Evaluating the Anticancer Properties of Liposomal Copper in a Nude Xenograft Mouse Model of Human Prostate Cancer: Formulation, In Vitro, In Vivo, Histology and Tissue Distribution Studies
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Although Cu complexes have been investigated as anticancer agents, there has been no description of Cu itself as a cancer killing agent. A stealth liposomal Cu formulation (LpCu) was studied in vitro and in vivo.
LpCu was evaluated in prostate cancer origin PC-3 cells by a metabolic cytotoxicity assay, by monitoring ROS, and by flow cytometry. LpCu efficacy was evaluated in vivo using intratumoral and intravenous injections into mice bearing PC-3 xenograft tumors. Toxicology was assessed by performing hematological and blood biochemistry assays, and tissue histology and Cu distribution was investigated by elemental analysis.
LpCu and free Cu salts displayed similar levels of cell metabolic toxicity and ROS. Flow cytometry indicated that the mechanisms of cell death were both apoptosis and necrosis. Animals injected i.t. with 3.5 mg/kg or i.v. with 3.5 and 7.0 mg/kg LpCu exhibited significant tumor growth inhibition. Kidney and eye were the main organs affected by Cu-mediated toxicities, but spleen and liver were the major organs of Cu deposition.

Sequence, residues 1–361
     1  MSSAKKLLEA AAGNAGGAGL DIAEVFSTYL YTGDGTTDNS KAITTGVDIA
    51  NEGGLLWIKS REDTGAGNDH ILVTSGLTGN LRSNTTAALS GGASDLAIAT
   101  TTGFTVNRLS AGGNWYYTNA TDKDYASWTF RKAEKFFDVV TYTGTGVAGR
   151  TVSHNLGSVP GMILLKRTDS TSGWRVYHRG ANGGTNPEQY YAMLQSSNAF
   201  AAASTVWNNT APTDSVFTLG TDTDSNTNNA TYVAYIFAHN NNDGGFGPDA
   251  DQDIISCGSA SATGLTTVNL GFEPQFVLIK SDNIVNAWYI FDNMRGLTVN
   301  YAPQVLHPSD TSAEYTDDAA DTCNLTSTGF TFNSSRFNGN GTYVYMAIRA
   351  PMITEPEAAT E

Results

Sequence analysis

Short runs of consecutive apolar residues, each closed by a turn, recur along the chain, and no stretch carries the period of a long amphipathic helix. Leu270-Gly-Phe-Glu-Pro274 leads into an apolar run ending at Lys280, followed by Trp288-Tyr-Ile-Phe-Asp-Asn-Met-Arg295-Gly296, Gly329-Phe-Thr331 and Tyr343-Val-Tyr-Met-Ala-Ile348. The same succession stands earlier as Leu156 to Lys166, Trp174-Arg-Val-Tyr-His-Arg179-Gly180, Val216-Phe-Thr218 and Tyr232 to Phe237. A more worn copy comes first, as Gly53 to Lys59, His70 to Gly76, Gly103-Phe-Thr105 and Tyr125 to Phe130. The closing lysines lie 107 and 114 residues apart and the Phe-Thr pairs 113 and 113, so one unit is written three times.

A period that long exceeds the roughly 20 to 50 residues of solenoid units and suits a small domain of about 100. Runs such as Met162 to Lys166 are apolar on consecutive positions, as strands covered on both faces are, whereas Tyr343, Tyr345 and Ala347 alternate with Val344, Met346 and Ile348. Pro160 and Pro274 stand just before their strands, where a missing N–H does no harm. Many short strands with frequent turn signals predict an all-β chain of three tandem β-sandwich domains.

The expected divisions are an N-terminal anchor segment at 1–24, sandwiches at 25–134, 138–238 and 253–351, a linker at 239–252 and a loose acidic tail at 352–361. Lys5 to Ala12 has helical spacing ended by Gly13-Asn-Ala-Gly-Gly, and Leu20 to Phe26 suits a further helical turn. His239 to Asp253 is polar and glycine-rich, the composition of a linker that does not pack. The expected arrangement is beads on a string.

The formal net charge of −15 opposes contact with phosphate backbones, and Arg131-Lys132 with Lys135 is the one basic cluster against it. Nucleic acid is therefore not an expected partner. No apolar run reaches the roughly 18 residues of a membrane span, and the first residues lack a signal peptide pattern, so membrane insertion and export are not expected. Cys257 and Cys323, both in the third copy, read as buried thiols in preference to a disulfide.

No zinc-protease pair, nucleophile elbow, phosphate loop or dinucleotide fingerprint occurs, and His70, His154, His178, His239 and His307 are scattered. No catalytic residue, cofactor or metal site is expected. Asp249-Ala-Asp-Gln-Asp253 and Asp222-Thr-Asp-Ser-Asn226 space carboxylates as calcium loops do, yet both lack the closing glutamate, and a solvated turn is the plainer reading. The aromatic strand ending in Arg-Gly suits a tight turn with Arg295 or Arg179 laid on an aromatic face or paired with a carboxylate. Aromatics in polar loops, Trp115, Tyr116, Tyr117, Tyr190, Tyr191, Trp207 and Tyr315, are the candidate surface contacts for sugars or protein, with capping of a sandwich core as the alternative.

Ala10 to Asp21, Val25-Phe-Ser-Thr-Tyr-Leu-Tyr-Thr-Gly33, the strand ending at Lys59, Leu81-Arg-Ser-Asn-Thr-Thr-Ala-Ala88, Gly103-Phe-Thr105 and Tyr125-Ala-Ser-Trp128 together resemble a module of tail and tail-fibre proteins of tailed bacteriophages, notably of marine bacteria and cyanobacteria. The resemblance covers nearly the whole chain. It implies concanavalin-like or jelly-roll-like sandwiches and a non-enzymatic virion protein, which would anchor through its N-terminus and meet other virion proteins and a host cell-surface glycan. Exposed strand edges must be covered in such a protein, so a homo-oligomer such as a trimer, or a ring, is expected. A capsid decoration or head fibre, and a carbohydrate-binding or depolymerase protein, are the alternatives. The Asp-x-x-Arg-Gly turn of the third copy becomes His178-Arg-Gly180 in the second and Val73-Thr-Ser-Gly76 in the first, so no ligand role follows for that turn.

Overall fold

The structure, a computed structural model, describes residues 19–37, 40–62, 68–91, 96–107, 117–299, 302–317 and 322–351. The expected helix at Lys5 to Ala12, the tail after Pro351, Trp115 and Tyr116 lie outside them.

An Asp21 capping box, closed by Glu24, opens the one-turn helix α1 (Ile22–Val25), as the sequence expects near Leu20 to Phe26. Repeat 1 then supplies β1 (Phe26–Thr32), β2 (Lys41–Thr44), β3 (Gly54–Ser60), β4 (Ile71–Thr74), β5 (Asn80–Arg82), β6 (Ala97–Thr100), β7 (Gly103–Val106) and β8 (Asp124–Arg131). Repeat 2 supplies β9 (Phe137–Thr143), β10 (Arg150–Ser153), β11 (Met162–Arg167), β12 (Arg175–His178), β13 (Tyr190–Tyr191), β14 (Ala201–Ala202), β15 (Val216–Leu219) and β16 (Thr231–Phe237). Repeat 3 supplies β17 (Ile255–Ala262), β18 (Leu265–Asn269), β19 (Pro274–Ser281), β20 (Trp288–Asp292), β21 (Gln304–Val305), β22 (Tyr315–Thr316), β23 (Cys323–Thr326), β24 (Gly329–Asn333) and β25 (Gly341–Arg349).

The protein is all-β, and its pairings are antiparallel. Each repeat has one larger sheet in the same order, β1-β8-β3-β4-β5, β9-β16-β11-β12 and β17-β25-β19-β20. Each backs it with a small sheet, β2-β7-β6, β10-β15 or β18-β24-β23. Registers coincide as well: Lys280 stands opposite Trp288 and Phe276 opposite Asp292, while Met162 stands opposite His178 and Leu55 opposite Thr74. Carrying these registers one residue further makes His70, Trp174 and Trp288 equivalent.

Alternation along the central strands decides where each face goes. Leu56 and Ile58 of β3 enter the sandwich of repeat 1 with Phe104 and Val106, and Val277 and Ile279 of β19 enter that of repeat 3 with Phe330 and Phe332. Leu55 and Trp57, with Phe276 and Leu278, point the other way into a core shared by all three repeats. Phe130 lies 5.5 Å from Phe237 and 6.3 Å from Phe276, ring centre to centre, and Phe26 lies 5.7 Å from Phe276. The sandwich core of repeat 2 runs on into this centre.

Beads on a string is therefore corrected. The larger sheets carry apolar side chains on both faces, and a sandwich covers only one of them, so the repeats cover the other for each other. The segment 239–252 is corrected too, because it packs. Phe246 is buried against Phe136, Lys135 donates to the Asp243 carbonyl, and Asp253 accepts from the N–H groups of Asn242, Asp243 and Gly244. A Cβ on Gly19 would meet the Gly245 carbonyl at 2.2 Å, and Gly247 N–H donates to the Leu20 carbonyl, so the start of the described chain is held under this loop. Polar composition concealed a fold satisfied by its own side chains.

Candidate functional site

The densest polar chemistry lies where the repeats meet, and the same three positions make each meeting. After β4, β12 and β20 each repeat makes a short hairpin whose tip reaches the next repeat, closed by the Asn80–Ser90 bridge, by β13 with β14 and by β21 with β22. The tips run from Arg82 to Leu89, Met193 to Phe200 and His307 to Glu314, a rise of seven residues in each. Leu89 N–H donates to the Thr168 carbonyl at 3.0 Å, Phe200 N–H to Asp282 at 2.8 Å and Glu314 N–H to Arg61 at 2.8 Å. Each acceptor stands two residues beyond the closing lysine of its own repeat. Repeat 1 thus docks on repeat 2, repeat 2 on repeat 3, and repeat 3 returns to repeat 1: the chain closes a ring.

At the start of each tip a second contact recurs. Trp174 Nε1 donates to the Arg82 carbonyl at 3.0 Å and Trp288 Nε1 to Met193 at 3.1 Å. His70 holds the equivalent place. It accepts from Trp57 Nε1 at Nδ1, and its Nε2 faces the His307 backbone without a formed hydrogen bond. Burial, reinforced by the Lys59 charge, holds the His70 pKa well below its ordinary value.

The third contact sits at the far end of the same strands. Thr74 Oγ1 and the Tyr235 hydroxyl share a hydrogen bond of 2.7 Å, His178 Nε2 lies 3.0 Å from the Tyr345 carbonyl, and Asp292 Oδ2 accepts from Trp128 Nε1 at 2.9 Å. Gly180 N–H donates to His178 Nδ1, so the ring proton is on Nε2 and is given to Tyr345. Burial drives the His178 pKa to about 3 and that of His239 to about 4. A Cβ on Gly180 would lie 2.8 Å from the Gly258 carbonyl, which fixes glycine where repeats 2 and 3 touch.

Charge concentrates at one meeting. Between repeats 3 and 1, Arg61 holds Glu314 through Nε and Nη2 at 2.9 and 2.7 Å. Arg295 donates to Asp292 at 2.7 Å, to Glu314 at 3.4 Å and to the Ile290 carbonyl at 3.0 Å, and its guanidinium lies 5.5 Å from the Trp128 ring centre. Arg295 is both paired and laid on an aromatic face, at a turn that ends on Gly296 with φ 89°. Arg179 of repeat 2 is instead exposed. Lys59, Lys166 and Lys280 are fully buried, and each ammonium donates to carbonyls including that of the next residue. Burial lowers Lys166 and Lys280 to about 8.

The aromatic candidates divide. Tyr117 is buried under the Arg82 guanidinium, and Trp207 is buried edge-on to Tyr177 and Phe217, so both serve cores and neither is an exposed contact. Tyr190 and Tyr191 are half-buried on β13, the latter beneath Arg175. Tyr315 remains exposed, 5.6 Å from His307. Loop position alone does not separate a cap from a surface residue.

LpCu was effective at reducing tumor burden in the xenograft prostate cancer model. There was histological evidence of Cu toxicity in kidneys and eyes of animals treated at the maximum tolerated dose of LpCu 7.0 mg/kg.
KEY WORDSliposomes copper reactive oxygen species cancer therapy toxicity
Dynamic light scattering
Dulbecco’s modified eagle medium
Dulbecco’s phosphate buffered saline
Enhanced permeability and retention
Fetal bovine serum
Hank’s balanced salt solution
2-[4-(2-hydroxyethyl)piperazin-1-yl]ethanesulfonic acid buffer
Stealth formulation of liposomal Cu
Large unilamellar vesicle
Maximum tolerated dose
Phosphate buffered saline
Reactive oxygen species
Wisconsin veterinary diagnostic laboratory
This research was supported by NIH grants R00CA136970 and R01DK099596, and startup funds from the University of Wisconsin-Madison, School of Pharmacy. We are grateful to Professor Manish Patankar and Dr. Arvinder Kapur (Dept. of Ob/Gyn, University of Wisconsin-Madison), and the UWCCC Flow Cytometry Laboratory for invaluable assistance with all the flow cytometry assays. We would also like to thank the WVDL Chemistry Section for performing all the elemental tissue analyses.
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